Daily Archives: September 14, 2010

For once, it really IS the media’s fault.

I am absolutely flabbergasted by something Gregg Doyel reports (h/t Boys of Old Florida).

… I just found out why college football is plagued by a preseason coaches poll, a poll that sets the tone for the entire season and is probably going to lead — four months later — to Boise State riding its Holiday Bowl resume into the national championship game.

What did I find out? I found out that it’s the media’s fault.

More to the point, it’s USA Today’s fault.

The coaches wanted to eliminate the preseason poll last year. USA Today, which operates the poll, talked them out of it.

This is not a guess. This is a fact. I just hung up with USA Today deputy managing editor Jim Welch, who relayed that story to me. Last year the American Football Coaches Association commissioned the Gallup World Poll to study its poll and to make recommendations for improving it. One of those recommendations, Welch said, was to do away with the preseason poll — and to not release its first poll until a month into the season.

“The coaches seemed to agree with that,” Welch said.

So why didn’t it happen?

“We don’t view that as a good idea,” Welch said.

Holy Mother of Crap.  For what is probably the first time in the history of the Coaches Poll, they were actually going to do the right thing… and then bowed to a media agenda.  (Doyel notes that the AP feels the same way about its preseason poll.)

Here’s the thing that really rankles:  how many of these same assholes who “want to plan pages around it”, as the AP sports editor refers to the agenda, bitch and moan in their pages about how unfair the polls are in deciding who makes the BCS?

I guess as long as they’ve got something to write about, they’re happy.



Filed under BCS/Playoffs, College Football, Media Punditry/Foibles

The myth of a seamless transition

For those of you who disagree with my assessment that Georgia’s defense was likely to struggle early because of the scheme change and were profoundly disappointed in the way the defense performed in Columbia, some of Mark Richt’s comments from today’s presser might be enlightening.

… Nose tackle DeAngelo Tyson, who played every snap at South Carolina, did so even after getting treatment during the game for a knee sprain. He also admitted he got tired.

The reason Justin Anderson and Kwame Geathers, two bigger nose tackles, didn’t play was because South Carolina was in a three-receiver set almost the entire game, and in Georgia’s nickel package, Tyson is the nose.

But Richt said they were working on changing their personnel package, so the bigger nose tackles will be in there.

Richt also said the defensive line has to “drop anchor” a bit more. There were too big a seam for the linebackers to try and make plays…

This is a work in progress, folks.  Grantham is going to be feeling his way around personnel issues for at least the first third of the season.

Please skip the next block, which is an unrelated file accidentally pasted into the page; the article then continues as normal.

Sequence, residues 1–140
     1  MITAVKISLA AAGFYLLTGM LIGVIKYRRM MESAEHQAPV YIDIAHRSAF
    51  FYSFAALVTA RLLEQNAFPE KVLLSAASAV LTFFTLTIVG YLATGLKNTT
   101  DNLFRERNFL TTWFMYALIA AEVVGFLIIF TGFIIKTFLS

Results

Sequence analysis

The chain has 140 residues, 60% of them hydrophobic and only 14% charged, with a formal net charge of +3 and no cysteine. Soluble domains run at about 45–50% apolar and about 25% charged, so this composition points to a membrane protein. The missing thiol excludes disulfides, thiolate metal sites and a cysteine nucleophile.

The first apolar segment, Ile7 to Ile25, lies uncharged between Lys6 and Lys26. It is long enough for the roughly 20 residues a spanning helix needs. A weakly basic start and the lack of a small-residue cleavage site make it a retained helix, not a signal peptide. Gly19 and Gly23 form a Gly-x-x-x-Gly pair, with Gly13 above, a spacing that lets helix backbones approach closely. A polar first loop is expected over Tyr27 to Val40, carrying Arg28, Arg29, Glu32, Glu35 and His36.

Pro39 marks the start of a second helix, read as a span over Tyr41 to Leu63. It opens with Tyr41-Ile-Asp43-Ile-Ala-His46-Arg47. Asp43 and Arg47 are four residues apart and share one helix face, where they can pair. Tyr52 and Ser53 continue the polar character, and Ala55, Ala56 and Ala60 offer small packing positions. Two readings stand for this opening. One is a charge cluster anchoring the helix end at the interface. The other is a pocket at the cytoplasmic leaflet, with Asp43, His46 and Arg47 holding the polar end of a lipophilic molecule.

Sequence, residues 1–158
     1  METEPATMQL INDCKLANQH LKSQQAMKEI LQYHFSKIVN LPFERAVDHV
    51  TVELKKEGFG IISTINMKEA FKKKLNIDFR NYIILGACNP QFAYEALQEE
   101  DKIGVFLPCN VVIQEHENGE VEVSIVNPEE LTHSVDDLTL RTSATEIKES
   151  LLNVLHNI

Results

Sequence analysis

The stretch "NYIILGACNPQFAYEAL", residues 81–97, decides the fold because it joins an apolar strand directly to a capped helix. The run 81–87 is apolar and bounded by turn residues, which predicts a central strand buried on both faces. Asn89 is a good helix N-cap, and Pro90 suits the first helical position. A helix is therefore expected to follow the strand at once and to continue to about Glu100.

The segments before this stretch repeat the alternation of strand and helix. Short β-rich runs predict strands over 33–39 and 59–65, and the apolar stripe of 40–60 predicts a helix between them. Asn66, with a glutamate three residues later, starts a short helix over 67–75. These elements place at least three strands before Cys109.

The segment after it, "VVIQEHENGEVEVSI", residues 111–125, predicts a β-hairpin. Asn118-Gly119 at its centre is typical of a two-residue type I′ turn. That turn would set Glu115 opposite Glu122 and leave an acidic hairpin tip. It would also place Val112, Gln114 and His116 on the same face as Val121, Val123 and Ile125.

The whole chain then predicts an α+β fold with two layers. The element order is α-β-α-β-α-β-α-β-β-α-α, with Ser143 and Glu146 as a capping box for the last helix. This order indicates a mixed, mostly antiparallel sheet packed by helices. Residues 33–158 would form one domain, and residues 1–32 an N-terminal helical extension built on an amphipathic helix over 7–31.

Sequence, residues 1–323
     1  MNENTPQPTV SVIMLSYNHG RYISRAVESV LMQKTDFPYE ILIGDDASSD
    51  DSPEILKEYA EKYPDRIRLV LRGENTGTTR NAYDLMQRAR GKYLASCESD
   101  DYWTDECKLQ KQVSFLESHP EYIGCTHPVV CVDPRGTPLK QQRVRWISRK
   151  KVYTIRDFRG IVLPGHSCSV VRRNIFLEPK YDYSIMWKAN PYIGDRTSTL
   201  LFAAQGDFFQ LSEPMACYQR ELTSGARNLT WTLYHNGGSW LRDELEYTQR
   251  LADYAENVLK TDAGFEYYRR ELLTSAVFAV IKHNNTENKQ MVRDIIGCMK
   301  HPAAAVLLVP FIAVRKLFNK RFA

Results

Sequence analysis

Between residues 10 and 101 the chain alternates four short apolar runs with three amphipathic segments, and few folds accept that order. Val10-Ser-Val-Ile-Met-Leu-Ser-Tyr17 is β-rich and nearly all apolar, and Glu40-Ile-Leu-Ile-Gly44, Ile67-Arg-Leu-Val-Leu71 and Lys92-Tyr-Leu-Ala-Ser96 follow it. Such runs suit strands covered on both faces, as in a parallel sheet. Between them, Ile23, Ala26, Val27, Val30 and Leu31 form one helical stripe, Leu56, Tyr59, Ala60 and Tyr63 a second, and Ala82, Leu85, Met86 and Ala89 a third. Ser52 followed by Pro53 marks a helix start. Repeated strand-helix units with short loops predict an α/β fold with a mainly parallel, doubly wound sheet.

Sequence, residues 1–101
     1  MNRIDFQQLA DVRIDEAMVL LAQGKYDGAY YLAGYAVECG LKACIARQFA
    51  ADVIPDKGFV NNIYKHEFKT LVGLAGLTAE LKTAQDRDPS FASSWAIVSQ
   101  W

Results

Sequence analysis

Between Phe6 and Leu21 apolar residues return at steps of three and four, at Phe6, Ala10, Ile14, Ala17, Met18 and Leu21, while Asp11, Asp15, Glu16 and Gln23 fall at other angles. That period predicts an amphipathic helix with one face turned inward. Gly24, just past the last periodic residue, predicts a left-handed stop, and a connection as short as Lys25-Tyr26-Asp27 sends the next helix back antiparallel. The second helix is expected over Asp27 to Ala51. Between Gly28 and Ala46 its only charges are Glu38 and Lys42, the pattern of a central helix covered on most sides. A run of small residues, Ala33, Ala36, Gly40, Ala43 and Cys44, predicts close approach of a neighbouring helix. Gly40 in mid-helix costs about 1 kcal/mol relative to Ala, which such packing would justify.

One thing I like about what Richt has said after the loss is that there’s not just room for improvement, but that he and the staff expect it.  That’s a definite step up from the “in the arena” talk we got after last year’s Tennessee debacle.  This week, we’ll see where it leads.  As Richt says, Arkansas is a big game – not simply in terms of wins and losses, but also in demonstrating that attitudes and expectations are changing for the better.


Filed under Georgia Football

Justice in Knoxville

It’s no surprise that Da’Rick Rogers walks out of court, but you’ve got to love this note:

… Defense attorney Don Bosch says by performing the community service, Rogers isn’t admitting guilt. Instead, he wants to prevent teammates who witnessed his July 9 arrest from having to testify at a hearing.

How convenient for everyone.


Filed under Because Nothing Sucks Like A Big Orange, Crime and Punishment

Class move

Georgia has elected to broadcast the Idaho State game on WSB TV instead of going the pay-per-view route.

“This free-of-charge broadcast is a way to give back to our fans throughout the state,” Georgia athletics director Greg McGarity said in a statement. “We believe making the game available on WSB TV and its coverage area is a way to show our appreciation to Bulldogs around our state.”

Well played, sir.


Filed under Georgia Football

Next time, try a better scam.

Maybe Chris Hawkins should have signed A.J. to a one-day professional basketball contract with a $1000 signing bonus.

Best of all, he could have framed that, too.


Filed under The NCAA

If Chris Rainey’s calling, pick up the phone.

Otherwise, he gets kinda upset.

Christopher Rainey, 22, of Lakeland, a wide receiver for the Gators, was charged with aggravated stalking of a woman he has been dating on and off for about three years.

Gainesville Police said the incident began when the woman fell asleep and missed a call from Rainey.

Officer Jesse Bostick said Rainey went to the woman’s home and she talked to him for about 10 minutes, then told him to leave. According to Bostick, Rainey sent a text to the woman that said “Time to die.” The woman called police after receiving the text.

I’m so looking forward to the next Red and Black editorial about how Urban Meyer keeps his players’ behavior under control.


UPDATE: Events like this are what God created Twitter for.


UPDATE #2: You mess with Chris Rainey, you mess with Gator Nation.

The alleged victim appeared in court as well, and indicated that she was not afraid of Rainey and her intention was not to have him arrested.  Instead, she’s concerned over the media coverage the arrest has garnered.

“People all over the country have been calling my cell phone,” the woman said. “I’m not afraid of him. I’m more afraid of all the repercussions.”

By the time they get done with this in Gainesville, she’ll be the one facing charges.